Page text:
February 3, 2004

A Weak Right Hook

Filed under: analog — mhoye @ 12:53 am

From Belinda Stronach:

“As a business person and as a Conservative, I want to help build a country with the highest standard of living and the strongest possible economic foundation with strong job creation, high productivity, a competitive tax structure, as little debt as possible and a flourishing manufacturing sector.”

From Stephen Harper:

“I stand for a family-friendly tax system. I believe in the primacy of protecting our children, of fighting sexual exploitation and outlawing all child pornography. [ … ] I stand for a criminal justice system that protects law-abiding citizens and their property, and punishes criminal wrongdoing.”

Good for them. Just think, some people wonder why the Liberals have been racking up majority government after majority government with no end in sight.

I wonder where exactly on the Canadian political spectrum you would find somebody, anybody, who would actually disagree with any of that. As if there’s someone out there campaigning on a pro-crime, pro-abject-poverty and pro-sexual-exploitation-of-minors platform.

“I want to build a country with a third-world standard of living. One with a weak economic foundation, poor job creation, anemic productivity and a despotic, arbitrary tax system that leeches the lifeblood out of our nation’s families ’til they’re forced to pimp out their daughters, send their eldest boy-child to the salt mines and cast the rest into pits full of wolves for my personal amusement. Furthermore, I plan to drive our nation’s manufacturing capabilities into the ground while amassing approximately a zillion dollars in debt and declaring Grand Theft Auto While Intoxicated an Olympic event. Free sno-cones for everyone!”

I’m constantly amazed by the number of people in this world who think that they’re making a point when all they’re doing is making a noise.

I would love to be a conservative, I really would. I genuinely believe that a free market begets a free people, in minimal government intervention in that market. I’m against price caps on freely marketed goods, federal business subsidies and protectionist trade policies. I believe that government is responsible for the infrastructure of a society, things like police and fire protection, roads, sewers and clean-running water and all that good stuff, so I’d probably want to call myself a Red Tory, but if you worked at it you might even be able to talk me into two-tier medicare.

But for God’s sake, not if it means I have to associate myself with people who spout brainless, content-free bullshit and claim that it’s a position on an issue. Boy, I wish we had a serious right-wing movement in this country, instead of this badly-organized gaggle of smarmy back-stabbers and laissez-faire capitalists who take some time out of their busy schedules every few weeks to remind us that they hate minorities.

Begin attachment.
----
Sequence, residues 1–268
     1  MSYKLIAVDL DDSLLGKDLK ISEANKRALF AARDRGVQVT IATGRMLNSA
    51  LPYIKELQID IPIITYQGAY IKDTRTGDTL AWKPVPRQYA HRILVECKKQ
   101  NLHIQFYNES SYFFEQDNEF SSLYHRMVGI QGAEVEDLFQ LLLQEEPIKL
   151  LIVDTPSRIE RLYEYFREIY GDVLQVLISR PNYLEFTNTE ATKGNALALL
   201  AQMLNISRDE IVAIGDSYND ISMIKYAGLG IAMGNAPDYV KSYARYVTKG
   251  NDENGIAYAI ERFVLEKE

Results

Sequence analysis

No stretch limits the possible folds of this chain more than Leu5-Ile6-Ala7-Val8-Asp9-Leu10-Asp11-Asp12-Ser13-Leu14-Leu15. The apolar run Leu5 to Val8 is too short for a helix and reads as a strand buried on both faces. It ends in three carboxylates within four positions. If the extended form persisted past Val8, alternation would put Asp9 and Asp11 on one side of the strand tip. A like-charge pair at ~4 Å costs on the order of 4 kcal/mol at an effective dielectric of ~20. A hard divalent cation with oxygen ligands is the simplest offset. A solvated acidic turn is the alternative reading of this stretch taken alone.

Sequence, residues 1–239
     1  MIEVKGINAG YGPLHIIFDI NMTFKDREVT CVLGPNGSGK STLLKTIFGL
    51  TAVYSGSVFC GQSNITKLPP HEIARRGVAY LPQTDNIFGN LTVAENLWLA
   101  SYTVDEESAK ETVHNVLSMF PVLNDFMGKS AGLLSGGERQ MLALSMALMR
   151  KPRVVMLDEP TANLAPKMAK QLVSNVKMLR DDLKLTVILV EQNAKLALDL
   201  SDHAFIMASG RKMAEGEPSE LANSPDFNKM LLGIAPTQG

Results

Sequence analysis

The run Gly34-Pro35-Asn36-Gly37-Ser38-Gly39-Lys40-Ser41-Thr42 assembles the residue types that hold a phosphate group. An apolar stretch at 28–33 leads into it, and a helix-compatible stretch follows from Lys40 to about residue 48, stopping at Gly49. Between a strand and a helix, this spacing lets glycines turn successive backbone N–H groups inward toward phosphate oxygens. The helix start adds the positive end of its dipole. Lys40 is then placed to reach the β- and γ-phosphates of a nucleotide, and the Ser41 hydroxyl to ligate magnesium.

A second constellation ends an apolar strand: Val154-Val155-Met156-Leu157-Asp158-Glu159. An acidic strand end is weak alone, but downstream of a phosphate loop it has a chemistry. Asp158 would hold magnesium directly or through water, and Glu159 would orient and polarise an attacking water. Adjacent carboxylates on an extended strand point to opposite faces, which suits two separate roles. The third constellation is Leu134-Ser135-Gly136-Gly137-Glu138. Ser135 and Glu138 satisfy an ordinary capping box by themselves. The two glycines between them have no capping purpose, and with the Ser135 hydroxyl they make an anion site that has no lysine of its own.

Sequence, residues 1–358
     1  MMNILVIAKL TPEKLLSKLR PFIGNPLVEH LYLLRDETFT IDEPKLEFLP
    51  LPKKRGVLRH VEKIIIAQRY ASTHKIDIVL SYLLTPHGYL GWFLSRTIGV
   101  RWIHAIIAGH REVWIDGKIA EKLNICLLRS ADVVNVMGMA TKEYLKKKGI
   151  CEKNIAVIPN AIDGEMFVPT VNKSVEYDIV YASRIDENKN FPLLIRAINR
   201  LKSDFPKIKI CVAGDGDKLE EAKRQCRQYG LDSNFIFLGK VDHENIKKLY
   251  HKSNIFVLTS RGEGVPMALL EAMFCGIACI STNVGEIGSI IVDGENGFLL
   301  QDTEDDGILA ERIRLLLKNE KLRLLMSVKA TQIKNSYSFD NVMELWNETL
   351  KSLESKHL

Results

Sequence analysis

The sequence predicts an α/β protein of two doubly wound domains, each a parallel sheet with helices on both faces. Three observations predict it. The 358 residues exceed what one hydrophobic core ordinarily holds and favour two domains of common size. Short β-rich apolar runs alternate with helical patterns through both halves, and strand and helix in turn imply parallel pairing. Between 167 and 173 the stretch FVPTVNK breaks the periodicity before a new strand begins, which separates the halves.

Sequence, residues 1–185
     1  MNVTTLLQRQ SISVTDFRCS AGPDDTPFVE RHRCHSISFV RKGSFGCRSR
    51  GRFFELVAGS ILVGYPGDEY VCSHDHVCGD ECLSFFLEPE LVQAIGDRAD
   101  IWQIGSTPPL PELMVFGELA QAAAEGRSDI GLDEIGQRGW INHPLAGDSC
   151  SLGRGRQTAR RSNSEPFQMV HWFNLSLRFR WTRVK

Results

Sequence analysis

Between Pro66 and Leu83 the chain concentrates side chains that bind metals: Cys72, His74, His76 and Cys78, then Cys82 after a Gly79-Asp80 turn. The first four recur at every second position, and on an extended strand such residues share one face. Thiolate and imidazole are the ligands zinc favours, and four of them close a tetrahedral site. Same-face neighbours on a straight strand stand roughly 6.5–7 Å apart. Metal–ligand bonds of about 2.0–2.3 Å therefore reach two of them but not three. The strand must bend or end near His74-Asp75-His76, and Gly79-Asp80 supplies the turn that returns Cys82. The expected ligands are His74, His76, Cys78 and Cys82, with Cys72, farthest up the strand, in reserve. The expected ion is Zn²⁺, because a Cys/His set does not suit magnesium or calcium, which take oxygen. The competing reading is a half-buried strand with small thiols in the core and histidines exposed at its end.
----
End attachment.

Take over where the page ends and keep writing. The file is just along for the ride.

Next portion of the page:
Seriously, get back to me when you losers have figured out how to reassemble something that walks and talks like an actual national right-wing political party. You might want to start simple, maybe by hiring somebody who actually speaks french, ditching the vanity candidates and working out something substantive to say.


  1. Canada just looks more and more fantastic by the day. Sigh.

    Comment by Kenneth G. Cavness — February 3, 2004 @ 11:43 am

  2. It’s important to remember that capital-letter political positions aren’t the same as lowercase-letter political positions here. A Conservative may not necessarily be a conservative. Likewise, a Liberal may not be a liberal.

    Comment by Mike Hoye — February 3, 2004 @ 2:21 pm

  3. One of the mixed benefits of being an expatriate is the distance it gives you. It all sounds like fluff to me. I think the main cause of the absence of what Mike calls “real content” is that they have to speak to such a broad range of citizens that they can’t say anything different. Once you make a stand on something, you’re committing to an opposition party blitz on that shortlist of ideas. You get elected by having lots of people vote for you. People don’t agree about very much, so you have to stick to what people agree about. Ideas go by the wayside, unless you want to wind up like the Green Party. If you want different, check their platform out. Different, yes. Electable, no.

    Comment by Nick — February 4, 2004 @ 12:28 am

  4. “Electable?” Don’t tell me you’ve bought into that bullshit too.

    Whenever somebody says “electable”, all I hear is “the unwashed masses, them who I consider to be ignorant, ill-informed, bigoted, possibly inbred and clearly beneath me in all regards, might be difficult to manipulate into voting for our chosen one.”

    It’s absurd. The ideas embodied in the word “electable” should be anathema to any self-respecting democracy. It manages to sound like smug elitism and a declaration of victory from FoxNews at the same time.

    Comment by Mike Hoye — February 4, 2004 @ 1:32 am

  5. So when do we get the sno-cones?

    Comment by Coop — February 4, 2004 @ 9:41 am

  6. Guards! Seize him!

    Comment by Mike Hoye — February 4, 2004 @ 10:01 am

  7. The whole “electability” thing cracks me up, too.

    Comment by Novak — February 6, 2004 @ 6:51 pm

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